Residents of the Fort Myers Yacht Basin have been voicing concerns regarding the redevelopment of the marina since late April.
Nearly two dozen residents attended a June 6 Fort Myers City Council meeting. Since plans for the yacht basin were a non-agenda item, residents waited four hours to speak to the council.
“We needed to be there to hold them accountable,” resident Mike Mullinger said. “We have to make sure that they hear from us at every meeting from now until the time that they make a decision.”
About a month ago, the council voted 4-3 in favor of proceeding with negotiations with the top-ranked developers. City officials made it clear proceeding with negotiations didn’t commit the city to any decision.
Suntex Marina was the top-ranked developer and was the first up to negotiate with the city. Its proposed investment into the yacht basin is about $45 million.
Head of Investments for Florida and the Southeast at Suntex, David Filler didn’t return multiple requests for comment.
Suntex engages in the business of owning, managing and investing in an extensive network of saltwater and freshwater marinas in the United States. It developed marinas along the east and west coasts of Florida, including Sarasota, Fort Myers Beach and Fort Lauderdale.
Negotiations with Suntex are in the early stages, according to City Manager Marty Lawing. He said they will come up with 10 to 15 key terms together, and if they can’t agree on the terms, then the next developer, Safe Harbor Development, will be able to negotiate with the city.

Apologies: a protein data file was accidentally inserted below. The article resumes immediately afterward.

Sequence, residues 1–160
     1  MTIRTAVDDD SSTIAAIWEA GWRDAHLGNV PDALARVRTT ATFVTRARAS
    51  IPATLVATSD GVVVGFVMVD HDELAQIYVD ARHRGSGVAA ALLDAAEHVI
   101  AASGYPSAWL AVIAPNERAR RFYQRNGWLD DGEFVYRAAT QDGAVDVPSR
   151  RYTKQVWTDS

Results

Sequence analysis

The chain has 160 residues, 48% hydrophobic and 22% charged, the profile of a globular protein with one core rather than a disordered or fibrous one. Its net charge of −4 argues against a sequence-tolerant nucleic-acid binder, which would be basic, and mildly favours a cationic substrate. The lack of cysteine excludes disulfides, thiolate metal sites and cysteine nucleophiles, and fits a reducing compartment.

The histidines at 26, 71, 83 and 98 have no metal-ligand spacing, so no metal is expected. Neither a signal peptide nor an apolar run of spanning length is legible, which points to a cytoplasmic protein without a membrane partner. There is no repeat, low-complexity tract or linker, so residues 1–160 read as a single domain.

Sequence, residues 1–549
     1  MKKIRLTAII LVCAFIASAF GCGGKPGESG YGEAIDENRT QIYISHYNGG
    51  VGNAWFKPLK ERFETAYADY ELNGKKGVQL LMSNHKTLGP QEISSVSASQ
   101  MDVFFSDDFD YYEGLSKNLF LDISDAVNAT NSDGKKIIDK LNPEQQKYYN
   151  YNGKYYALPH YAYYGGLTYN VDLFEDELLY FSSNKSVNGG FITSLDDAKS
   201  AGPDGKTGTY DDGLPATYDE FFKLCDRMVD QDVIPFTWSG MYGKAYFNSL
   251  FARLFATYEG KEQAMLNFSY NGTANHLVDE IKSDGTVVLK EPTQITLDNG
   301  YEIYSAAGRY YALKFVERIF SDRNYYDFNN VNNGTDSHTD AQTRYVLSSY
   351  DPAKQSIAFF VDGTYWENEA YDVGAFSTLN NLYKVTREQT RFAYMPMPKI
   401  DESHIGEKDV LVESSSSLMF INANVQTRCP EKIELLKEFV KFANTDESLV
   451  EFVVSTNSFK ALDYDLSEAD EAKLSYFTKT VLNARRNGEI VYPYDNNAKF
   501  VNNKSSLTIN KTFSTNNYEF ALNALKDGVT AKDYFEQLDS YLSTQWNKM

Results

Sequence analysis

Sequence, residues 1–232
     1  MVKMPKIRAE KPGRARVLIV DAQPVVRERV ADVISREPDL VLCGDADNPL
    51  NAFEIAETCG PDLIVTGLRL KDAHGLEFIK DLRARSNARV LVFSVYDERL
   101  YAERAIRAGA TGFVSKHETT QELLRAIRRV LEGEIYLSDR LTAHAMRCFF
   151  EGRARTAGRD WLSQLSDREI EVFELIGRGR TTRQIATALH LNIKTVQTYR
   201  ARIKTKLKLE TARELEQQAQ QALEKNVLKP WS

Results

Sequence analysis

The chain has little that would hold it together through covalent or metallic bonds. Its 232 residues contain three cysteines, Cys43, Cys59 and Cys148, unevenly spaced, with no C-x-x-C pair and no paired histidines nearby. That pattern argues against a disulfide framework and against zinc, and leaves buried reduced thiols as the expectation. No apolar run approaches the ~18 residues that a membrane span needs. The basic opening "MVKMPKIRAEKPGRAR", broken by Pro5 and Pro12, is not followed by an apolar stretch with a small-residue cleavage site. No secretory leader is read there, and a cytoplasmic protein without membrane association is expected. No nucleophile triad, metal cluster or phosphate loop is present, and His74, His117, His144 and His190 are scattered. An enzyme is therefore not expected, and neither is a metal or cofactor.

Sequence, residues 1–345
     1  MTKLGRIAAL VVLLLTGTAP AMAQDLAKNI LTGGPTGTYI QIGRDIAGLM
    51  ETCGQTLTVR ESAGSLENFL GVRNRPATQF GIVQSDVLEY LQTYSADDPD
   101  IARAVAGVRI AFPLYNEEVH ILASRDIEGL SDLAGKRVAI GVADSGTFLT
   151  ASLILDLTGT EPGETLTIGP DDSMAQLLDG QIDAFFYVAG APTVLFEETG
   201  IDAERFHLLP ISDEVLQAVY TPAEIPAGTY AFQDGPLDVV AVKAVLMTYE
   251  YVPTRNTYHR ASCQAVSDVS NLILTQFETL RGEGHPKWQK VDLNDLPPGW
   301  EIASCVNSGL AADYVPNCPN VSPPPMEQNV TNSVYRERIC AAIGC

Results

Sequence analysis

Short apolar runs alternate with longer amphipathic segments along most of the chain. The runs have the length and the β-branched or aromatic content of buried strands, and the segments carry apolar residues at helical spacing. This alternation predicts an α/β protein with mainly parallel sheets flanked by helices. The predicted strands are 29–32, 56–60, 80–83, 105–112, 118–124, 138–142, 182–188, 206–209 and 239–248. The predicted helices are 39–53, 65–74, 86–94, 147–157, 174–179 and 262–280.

In the meantime, residents at the yacht basin have all rallied behind saying no to Suntex. “Suntex is just too big and powerful for Fort Myers,” said Bill Westberry, a five-year resident of the yacht basin. “It’s not a good fit.”
He said he is more open to Safe Harbor Development, the only developer that spoke to some of the residents. However, most residents said they would rather see the city retain control of the yacht basin.
“I believe in business,” Mullinger said. “I believe in the privatization of stuff where it makes sense, but the city should not give up control of its best asset.”
Mullinger conducted a financial analysis of the yacht basin and presented his findings to the council. He developed three scenarios to outline the financial benefit of the city retaining the marina. The scenarios ranged from including the current rates or matching market rates to adding slips and a qualified marina manager. All scenarios were anticipated to have a profitability of at least $1.9 million a year, while the marina profited $244,363 in 2020 as its being run now.
The rate at the yacht basin is about two times lower than the market rate, according to residents. Residents said if the city retains control of the marina, they are willing to pay more in line with the market rate to keep their community intact and fix up the existing marina.
Mullinger stressed it was a zero-risk plan for the city to retain ownership now, even if it decided to outsource later.
Mullinger is a yacht broker at Pier One Yacht Sales located in the marina. With Suntex’s plan, his office goes away. While he awaits the future of his business, others anticipate what will happen to their homes and families.
“My biggest fear is having nowhere to go,” resident Ashley Harris said. “Having a place to dock, electric and water; we still need those things in order to survive. I just feel like I’m going to come home from work one day and have nothing.”
Harris is a mother of three and has lived at the yacht basin for about four years. She said the best-case scenario would be for the city to retain ownership, fix up the existing marina and raise the rates to be more compatible with the market rate. “We’re a community,” she said. “We came together and said, ‘The more we push it, the more we show up, maybe it’ll make a difference.’”